Japanese Study Suggests Listening to Music May Temporarily Lower Testosterone Levels
Many athletes like to train with music on their ears. However this research done by Hajime Fukui, a Japanese endocronologist might surprise you.
Back in 2001 Fukui did an experiement with 70 students aged between 19-25 (both men and women), at the Nara University of Education.
He took saliva samples from the students before the test, and then divided the students into groups that would listen various types of music for 30 minutes:
10 of the students listened their favorite music
10 listened to Cantatas by Gregorian monks
10 listened to hit music that was popular at the time
10 listened to Mozart’s Sonata in D Major, K. 448
10 listened to jazz music
20 didn’t listen any music at all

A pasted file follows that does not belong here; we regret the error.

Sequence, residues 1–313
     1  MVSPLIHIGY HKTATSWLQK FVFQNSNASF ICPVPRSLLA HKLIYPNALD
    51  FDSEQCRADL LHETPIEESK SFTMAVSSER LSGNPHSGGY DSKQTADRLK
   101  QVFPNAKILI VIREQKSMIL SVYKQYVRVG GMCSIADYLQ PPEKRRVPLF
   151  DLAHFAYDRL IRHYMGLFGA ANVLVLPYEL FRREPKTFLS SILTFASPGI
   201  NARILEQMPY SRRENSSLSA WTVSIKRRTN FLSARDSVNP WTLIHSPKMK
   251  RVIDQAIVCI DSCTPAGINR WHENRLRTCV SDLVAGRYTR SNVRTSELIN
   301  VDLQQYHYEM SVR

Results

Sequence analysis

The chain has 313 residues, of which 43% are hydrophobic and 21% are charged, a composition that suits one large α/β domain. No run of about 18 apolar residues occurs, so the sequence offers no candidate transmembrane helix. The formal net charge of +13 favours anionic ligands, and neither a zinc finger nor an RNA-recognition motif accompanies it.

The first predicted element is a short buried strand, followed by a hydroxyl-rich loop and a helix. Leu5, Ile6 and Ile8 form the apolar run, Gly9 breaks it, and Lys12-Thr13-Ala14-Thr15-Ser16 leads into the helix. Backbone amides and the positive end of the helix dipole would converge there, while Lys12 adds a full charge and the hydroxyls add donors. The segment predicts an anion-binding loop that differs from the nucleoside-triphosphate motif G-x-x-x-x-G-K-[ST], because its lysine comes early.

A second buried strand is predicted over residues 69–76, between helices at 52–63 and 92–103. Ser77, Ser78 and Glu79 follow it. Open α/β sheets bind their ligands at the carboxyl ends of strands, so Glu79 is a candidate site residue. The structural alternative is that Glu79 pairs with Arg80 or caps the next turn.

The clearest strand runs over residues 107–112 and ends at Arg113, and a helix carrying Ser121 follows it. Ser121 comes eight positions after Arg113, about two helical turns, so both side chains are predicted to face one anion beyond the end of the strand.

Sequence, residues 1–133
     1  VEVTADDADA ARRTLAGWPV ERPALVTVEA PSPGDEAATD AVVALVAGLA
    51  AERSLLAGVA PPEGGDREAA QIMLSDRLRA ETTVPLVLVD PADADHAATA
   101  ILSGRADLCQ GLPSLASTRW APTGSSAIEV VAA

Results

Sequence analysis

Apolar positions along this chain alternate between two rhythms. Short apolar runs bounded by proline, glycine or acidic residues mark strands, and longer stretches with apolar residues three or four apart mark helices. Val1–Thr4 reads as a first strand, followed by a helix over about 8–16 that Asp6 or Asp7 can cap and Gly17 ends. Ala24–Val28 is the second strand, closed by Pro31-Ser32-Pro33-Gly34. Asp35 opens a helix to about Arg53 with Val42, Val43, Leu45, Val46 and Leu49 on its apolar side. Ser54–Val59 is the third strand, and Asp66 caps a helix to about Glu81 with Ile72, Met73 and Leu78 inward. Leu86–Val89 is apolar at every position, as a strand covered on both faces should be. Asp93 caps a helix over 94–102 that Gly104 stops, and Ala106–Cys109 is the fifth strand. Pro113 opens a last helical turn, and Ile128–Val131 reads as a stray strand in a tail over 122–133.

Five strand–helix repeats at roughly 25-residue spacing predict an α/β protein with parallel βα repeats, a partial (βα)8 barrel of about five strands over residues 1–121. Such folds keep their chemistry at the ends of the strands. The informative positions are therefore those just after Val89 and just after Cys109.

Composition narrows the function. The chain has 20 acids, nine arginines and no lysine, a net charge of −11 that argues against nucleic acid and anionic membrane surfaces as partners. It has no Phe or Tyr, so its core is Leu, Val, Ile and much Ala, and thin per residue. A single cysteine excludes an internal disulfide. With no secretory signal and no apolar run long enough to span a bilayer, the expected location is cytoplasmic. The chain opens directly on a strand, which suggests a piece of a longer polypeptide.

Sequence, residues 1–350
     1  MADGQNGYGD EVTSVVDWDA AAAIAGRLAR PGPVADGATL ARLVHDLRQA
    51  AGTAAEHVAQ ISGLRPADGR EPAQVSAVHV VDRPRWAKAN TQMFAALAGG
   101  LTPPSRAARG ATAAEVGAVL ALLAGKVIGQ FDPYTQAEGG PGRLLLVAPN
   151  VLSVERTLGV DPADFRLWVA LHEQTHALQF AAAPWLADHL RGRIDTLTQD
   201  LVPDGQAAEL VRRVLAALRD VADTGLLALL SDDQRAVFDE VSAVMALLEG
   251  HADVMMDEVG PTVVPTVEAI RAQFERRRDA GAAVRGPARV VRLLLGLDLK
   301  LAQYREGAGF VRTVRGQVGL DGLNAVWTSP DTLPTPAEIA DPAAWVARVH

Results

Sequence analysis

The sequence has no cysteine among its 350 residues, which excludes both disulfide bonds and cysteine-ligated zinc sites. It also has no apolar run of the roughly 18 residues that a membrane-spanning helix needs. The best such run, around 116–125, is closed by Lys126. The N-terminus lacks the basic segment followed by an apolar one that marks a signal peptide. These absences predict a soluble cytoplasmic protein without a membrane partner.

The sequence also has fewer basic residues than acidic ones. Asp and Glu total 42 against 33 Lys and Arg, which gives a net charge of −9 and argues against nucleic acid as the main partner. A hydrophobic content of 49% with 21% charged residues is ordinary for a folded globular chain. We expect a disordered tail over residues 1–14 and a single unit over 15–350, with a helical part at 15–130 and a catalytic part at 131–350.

After the 30 minutes had passed, Fukui again measured the subjects saliva testosterone levels.
The results were extremely surprising…
…As Fukui found out that listening to all types of music increased saliva testosterone levels in women, but significantly decreased them in male subjects.
The image below shows how the male volunteers reacted to various music styles:
Fukui himself says that humans invited music to make working in groups easier. Testosterone on the other hand is a hormone linked to aggression and more or less continous sex drive, which obviously makes working in groups harder. That’s why Fukui believes that music triggers an evolutionary mechanism in the male brain to decrease the levels of testosterone when we hear music.
That’s a food for tough, but at least now we know that music during a workout isn’t beneficial at all.
As you can see from the graph above, the music that did most damage was the subjects favorite kind, and the one that did the least damage was the music sung by Gregorian monks. So if you want to listen to music with the least amount of damage to your hormones, go for Gregorian (who in the world would listen to this in a gym).